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The scars we hide

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The scars we hide

Thousands of young people across South Africa hurt themselves daily in the hope that some emotional pain they feel will be relieved. Although so many teens are hurting themselves, the topic is still very rarely spoken about and is largely misunderstood. It’s time we brought the discussion out into the open.

What is self-harm?

Self-harm is when you intentionally hurt yourself, sometimes as a way to deal with emotional pain like sadness, fear, anger or loneliness. Sadly, in some groups of teens, self-harm has become a “cool” thing to do, and there are lots of websites out there that glamorise self-harm, suggesting that self-harming will make you popular.

There are many ways people hurt themselves. Self-harm includes:  cutting the skin; burning the skin; hitting one’s head against a solid object; picking skin so it can’t heal; scratching the skin; breaking bones; and self-strangulation. Cutting is by far the most common of these. A variety of sharp objects are used for cutting including scissors, knives, blades, pens and cans and many areas of the body are targeted (arms, legs, stomach, chest). Very often the self-harmer will harm on parts of their body that they are able to keep hidden so that nobody will know about the issue.

Who is at risk?

Teenage girls are more at risk than boys, especially if they:

  • have friends who self-harm
  • have a poor body image
  • react over-emotionally to small things or get very angry or upset for little to no reason
  • have a hard time expressing their feelings
  • are depressed
  • have lost a friend or boyfriend
  • are going through a tough time at home (like a divorce, death or fighting).

Why do people self-harm?

It is not fully understood why hurting the body helps some people to feel better emotionally but some reasons may include:

  • When hurt, the body releases endorphins and adrenaline which makes a person feel better for a while.
  • The physical pain gives the person something to focus on instead of their emotional pain.
  • For some people the physical pain is easier to cope with than the emotional pain.
  • Sometimes depression creates a numbness. Pain can cut through this numbness and the person can ‘feel’ again.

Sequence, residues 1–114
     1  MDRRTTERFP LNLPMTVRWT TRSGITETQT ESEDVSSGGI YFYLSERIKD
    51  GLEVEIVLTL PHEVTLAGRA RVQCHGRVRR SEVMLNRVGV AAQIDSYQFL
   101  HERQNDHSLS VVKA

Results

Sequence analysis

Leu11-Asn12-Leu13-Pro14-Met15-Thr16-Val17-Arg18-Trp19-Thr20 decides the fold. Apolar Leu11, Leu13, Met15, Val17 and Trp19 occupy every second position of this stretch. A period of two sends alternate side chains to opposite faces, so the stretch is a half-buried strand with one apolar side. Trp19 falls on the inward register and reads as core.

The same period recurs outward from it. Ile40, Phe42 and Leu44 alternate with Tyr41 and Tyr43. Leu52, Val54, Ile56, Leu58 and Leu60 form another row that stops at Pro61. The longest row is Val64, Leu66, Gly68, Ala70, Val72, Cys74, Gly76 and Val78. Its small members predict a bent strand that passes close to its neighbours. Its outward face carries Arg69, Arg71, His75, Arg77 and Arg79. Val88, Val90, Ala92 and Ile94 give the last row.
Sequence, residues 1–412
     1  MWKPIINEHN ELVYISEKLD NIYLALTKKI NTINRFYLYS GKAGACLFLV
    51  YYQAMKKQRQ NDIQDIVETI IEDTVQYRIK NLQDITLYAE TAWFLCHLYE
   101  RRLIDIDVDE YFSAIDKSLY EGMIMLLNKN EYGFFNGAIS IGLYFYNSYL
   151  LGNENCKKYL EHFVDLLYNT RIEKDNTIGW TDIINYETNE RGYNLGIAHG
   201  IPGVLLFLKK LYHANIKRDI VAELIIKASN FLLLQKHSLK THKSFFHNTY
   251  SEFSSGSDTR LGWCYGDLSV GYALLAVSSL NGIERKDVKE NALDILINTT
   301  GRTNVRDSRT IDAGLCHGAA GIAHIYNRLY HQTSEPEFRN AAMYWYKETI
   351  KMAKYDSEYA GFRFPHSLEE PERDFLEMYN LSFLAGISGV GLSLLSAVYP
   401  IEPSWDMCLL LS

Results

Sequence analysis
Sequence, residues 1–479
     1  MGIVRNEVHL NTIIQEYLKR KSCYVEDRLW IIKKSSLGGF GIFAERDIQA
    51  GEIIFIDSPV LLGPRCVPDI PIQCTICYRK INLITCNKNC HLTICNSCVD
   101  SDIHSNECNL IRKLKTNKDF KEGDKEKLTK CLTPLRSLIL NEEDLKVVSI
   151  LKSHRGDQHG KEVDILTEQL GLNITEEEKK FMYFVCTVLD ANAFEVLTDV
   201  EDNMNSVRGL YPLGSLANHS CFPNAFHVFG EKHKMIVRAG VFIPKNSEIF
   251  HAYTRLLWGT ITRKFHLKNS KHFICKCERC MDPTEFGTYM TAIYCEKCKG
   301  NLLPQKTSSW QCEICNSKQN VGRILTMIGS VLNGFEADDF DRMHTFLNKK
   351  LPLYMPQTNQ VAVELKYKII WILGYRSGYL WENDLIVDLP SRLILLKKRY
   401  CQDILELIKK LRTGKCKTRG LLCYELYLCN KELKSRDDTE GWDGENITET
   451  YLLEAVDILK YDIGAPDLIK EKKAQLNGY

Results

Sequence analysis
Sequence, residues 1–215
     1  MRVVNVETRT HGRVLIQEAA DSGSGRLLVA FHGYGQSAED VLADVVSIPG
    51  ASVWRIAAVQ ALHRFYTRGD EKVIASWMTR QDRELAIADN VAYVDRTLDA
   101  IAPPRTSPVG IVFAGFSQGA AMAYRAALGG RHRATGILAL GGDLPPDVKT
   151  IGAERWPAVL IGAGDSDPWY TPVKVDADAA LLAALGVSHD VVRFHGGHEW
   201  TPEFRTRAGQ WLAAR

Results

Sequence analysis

Why is it dangerous?

Many people start self-harming because their friends do it or because they saw something on TV once, but have no idea about how dangerous it is. They hear it might help them to feel better emotionally but they don’t sit down to think about the long term consequences of this behaviour. Before you fall into the self-harm trap, please consider the following:

  • Hurting yourself often leaves scars that you may be left with for the rest of your life. You may be okay with wearing long sleeves all the time now, but will that be the case for the rest of your life?
  • There is a high risk of infection if you use unsterilised objects to self harm. These infections can enter your bloodstream, and be very dangerous.
  • Even though you may not mean to do so, you could hurt yourself much more severely than you anticipated.
  • Self-harm can become an addictive issue. Your brain associates the endorphin and adrenaline release with feeling happy so craves more and more pain to get that ‘high’. Once you get addicted it is very difficult to stop without professional assistance.
  • The relief you get from the self-harm only lasts a very short time and is then replaced by feelings of guilt and shame. The pain you feel needs dealing with properly, not just temporarily relieving.
  • The guilt and shame make you hide what you are doing from other people. This eventually leads to you withdrawing socially and becoming lonely.

How to get help

  1. The first step is really to tell someone. This can help to break the cycle. Who is the person that you most trust? Tell them. Explain it in whichever way you feel most comfortable. If you can’t talk about it in person, try writing an e-mail or letter. If you don’t feel you can talk to anyone you know about this, contact Childline or SADAG (details at the end of the article).
  2. The next step involves identifying the triggers that make you want to hurt yourself. Is it anger? Is it sadness? Is it that you feel nothing? If possible, get help from a medical professional.
  3. When you can identify your triggers you can develop new ways of responding to them. For example, if you hurt yourself because you are angry, you could try punching a pillow. If you self-harm to express pain, try journalling or writing poetry or talking to someone you trust. If you self-harm to feel more alive, take a cold shower, or hold an ice cube in the crook of your arm or eat something with a really strong taste (like a lemon or peppermint).
  4. Adolescent Self-Injury Foundation website suggests a great way for girls to motivate themselves to stop self-harming. It’s called the Butterfly Project and simply involves drawing a butterfly on the place where you usually hurt yourself. If the butterfly fades without injury, it means that the butterfly has flown away unharmed. This is meant to give you a sense of achievement. If you do self-harm before your butterfly fades away, wash it off and draw a new one and start again. Every time a butterfly fades without being harmed, add a new charm to your bracelet. Visit www.adolescentselfinjuryfoundation.com for more information.

Everyone has bad periods in their life, and you need to know that even if you feel very alone right now, you are not. There are plenty of people who care about you, and the way you treat yourself. If you are struggling – talk to someone. Alternatively contact Childline on 08000 55 555 or SADAG (South African Depression and Anxiety Group) on 0800 12 13 14.

 

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